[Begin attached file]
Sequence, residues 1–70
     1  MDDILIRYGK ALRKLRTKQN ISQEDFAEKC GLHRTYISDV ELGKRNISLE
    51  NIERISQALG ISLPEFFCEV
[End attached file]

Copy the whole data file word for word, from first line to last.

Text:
Sequence, residues 1–70
     1  MDDILIRYGK ALRKLRTKQN ISQEDFAEKC GLHRTYISDV ELGKRNISLE
    51  NIERISQALG ISLPEFFCEV